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Evaluation of available treatments for IBS

ibs

Diet and Irritable Bowel Syndrome (IBS)

According to the American College of Gastroenterology, only a few processes related to diet have been addressed in clinical trials such as intolerance and hypersensitivity.  The findings so far have not been conclusive and provide limited guidance on how dietary changes could be used in the management of IBS.  Key findings include.3
 
  • Responses to particular foods and interactions with elements of the diet have not typically undergone rigorous evaluation.
  • True food allergies are uncommon in IBS
  • Most food-related IBS symptoms appear to represent food intolerance, however few patients can accurately locate the specific food.
  • The quality of evidence regarding specialized diets such as 'gluten-free' in reducing symptoms of IBS is very low. Although some of these diets show promise, the precise role in the management of IBS is unknown.

The role of fiber in IBS

Dietary fiber can be classified as either soluble or insoluble. Soluble fiber dissolves in water and forms a gel. It is found in several vegetables, fruits, and cereals. Insoluble fiber does not not absorb or dissolve in water and passes through our intestines largely intact.

Key points related to fiber: 3,8
  • Fiber can provide overall symptom relief in IBS. [Recommendation: weak. Quality of evidence: moderate. ]
  • Soluble fibers such as psyllium (not insoluble fibers such as bran) seem to provide overall symptom relief.
  • Insoluble fibers are more likely to exacerbate IBS and may cause bloating and abdominal discomfort.


Check out our soluble fiber calculator:

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Metamucil dosing info:

Based on information from the Metamucil website. Accessed: July 2017. https://www.metawellness.com/en-us/about-our-products/metamucil-fiber-supplement  © 2017 Procter & Gamble

  • Serving size amounts differ by version because the sweeteners and flavorings used in each Metamucil product vary in volume.
    Note: 1 teaspoon (sugar-free powder) = 1 tablespoon (sugar version).
  • Is it OK to take Metamucil with food? Should I take it before or after meals?
    Any time of day is appropriate to take Metamucil as long as an adequate intake of fluids (at least 8 ounces of water or liquid per serving) is consumed. We recommend taking Metamucil three times per day at mealtimes as a convenient way to get the benefits of Metamucil.
  • Bulk-forming fibers like psyllium husk, may affect how well medicines work. Take this product at least 2 hours before or after medicines.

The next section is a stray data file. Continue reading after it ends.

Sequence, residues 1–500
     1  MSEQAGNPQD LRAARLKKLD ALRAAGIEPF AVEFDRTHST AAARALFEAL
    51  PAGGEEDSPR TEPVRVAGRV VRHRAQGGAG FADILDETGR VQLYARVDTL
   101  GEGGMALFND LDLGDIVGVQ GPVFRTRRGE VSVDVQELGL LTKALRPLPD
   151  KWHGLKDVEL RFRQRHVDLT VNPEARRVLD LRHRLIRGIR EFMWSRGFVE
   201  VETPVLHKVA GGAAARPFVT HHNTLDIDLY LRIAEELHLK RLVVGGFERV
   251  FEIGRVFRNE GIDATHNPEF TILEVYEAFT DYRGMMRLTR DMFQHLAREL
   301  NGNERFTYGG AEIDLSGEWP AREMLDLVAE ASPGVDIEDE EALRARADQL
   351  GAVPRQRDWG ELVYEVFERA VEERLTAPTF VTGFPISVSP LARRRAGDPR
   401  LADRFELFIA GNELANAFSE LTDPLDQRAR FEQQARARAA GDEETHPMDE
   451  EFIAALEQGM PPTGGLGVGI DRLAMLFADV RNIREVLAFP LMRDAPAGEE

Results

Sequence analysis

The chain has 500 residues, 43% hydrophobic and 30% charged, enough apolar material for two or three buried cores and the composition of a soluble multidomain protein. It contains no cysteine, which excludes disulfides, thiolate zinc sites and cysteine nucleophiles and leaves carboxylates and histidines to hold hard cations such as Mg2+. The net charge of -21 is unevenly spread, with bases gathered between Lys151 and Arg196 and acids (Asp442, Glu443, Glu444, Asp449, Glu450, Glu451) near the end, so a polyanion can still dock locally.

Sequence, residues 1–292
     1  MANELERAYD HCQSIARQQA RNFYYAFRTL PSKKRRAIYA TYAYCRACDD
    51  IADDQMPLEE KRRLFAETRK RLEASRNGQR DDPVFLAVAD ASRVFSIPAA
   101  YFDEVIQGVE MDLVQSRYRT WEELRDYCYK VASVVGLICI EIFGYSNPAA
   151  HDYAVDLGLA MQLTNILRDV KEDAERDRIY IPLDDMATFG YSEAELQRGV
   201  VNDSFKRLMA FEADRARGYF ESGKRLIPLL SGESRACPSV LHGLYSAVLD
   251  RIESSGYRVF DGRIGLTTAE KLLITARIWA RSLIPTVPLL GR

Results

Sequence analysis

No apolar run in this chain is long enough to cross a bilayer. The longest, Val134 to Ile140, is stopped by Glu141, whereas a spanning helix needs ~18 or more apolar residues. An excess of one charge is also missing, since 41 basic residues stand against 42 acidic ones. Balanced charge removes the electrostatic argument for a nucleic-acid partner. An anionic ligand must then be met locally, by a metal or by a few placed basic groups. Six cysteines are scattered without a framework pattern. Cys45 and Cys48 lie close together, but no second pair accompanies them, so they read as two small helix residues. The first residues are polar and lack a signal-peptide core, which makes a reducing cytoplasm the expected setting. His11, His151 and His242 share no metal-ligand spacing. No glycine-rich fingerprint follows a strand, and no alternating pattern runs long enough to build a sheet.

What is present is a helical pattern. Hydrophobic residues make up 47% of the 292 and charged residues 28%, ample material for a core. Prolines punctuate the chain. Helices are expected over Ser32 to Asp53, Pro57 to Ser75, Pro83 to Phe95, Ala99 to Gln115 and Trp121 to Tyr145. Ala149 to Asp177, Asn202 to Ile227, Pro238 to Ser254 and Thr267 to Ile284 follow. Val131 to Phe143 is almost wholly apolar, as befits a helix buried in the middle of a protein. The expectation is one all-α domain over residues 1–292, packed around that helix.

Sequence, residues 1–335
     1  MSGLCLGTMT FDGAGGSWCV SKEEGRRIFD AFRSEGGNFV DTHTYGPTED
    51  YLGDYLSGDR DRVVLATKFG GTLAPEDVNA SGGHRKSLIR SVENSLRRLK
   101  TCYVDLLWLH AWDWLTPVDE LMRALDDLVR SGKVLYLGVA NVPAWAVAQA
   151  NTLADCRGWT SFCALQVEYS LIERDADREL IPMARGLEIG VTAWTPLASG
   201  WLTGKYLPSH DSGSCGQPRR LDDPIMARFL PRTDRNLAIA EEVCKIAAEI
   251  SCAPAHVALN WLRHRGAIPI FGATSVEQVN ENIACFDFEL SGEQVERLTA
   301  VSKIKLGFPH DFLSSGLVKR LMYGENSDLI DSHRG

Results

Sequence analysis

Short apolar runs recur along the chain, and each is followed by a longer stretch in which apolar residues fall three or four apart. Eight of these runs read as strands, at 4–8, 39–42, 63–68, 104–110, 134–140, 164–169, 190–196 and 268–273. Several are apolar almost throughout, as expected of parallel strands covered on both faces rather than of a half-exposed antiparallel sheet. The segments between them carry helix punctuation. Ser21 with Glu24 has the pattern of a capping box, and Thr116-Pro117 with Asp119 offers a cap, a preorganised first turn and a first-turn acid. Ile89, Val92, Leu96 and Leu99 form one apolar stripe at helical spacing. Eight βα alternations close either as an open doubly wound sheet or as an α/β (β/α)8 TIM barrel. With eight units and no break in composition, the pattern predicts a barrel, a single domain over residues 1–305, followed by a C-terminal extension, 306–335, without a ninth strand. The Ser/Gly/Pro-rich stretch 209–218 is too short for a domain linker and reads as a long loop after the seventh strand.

• Our powdered product must be mixed with liquids, not taken in its dry form. Capsules should be taken one at a time; we do not recommend dissolving them in water. Please take Metamucil with at least 8 ounces of liquid, as indicated.
  • Metamucil cannot be added to hot beverages.  Rapid formation of gel.
  • New Users: Start with 1 serving per day; gradually increase to desired daily intake. You may initially experience changes in bowel habits or minor bloating, as your body adjusts to increased fiber intake.
Dosage:  [sugar-free version]
For promoting and maintaining digestive health:
Adults 12 yrs. and over: One rounded teaspoon in 8 oz. of liquid up to 3 times daily for fiber supplementation. For occasional constipation and to help promote and maintain regularity. For children under 12, consult a doctor.

Note: 1 teaspoon (sugar-free powder) = 1 tablespoon (sugar version).

Supplement information
Sugar-free version
1 rounded teaspoon: [5.8 grams of psyllium husk]
Dietary fiber: 3 grams
Soluble fiber: 2 grams

2 rounded tsp: [11.6 grams of psyllium husk]
Dietary fiber: 6 grams
Soluble fiber: 5 grams

Sugar (sucrose) version
1 rounded tablespoon:
Dietary fiber: 3 grams
Soluble fiber: 2 grams

2 rounded tbsp:
Dietary fiber: 6 grams
Soluble fiber: 5 grams





>>> Probiotics, prebiotics, and antibiotics

References

  1. Lovell RM , Ford AC . Global prevalence of, and risk factors for, irritable bowel syndrome: a meta-analysis . Clin Gastroenterol Hepatol 2012; 10 : 712 - 21 .
  2. Quigley EM , Abdel-Hamid H , Barbara G et al. A global perspective on irritable bowel syndrome: a consensus statement of the World Gastroenterology Organisation Summit Task Force on Irritable Bowel Syndrome . J Clin Gastroenterol 2012 ; 46 : 356 - 66 .
  3. Ford AC, et al.   American College of Gastroenterology monograph on the management of irritable bowel syndrome and chronic idiopathic constipation Am J Gastroenterol 2014 109 Suppl 1 S2-S26. PubMed.
  4. Chang, L., Lembo, A., and Sultan, S. American Gastroenterological Association technical review on the pharmacological management of irritable bowel syndrome. Gastroenterology. 2014; 147: 1149-1172.
  5. Simren M,  Palsson OS,  Whitehead WE. Update on Rome IV Criteria for Colorectal Disorders: Implications for Clinical Practice.  Curr Gastroenterol Rep. 2017; 19(4): 15.  Published online 2017 Apr 3. doi: 10.1007/s11894-017-0554-0 PMCID: PMC5378729
  6. Drossman DA. Functional Gastrointestinal Disorders: History, Pathophysiology, Clinical Features and Rome IV. Gastroenterology. 2016;150:1262-1279.
  7. American Gastroenterological Association Institute Guideline on the Pharmacological Management of Irritable Bowel Syndrome. Accessed: July 2017. Available at:
    http://www.gastro.org/guidelines/pharmacological-management-of-ibs
  8. Zuckerman MJ. The role of fiber in the treatment of irritable bowel syndrome: therapeutic recommendations. J Clin Gastroenterol. 2006 Feb;40(2):104-8.
  9. LINZESS(R) package insert.  Allergan USA, Inc. Ironwood Pharmaceuticals, Inc. Irvine, CA 92612 Cambridge, MA, 02142.  Revised: 1/2017. Accessed: July 2017.
  10. Amitiza® (lubiprostone) package insert.  Takeda Pharmaceuticals America, Inc. Deerfield, IL 60015.  Revised: 9/2016.  Accessed: July 2017.  


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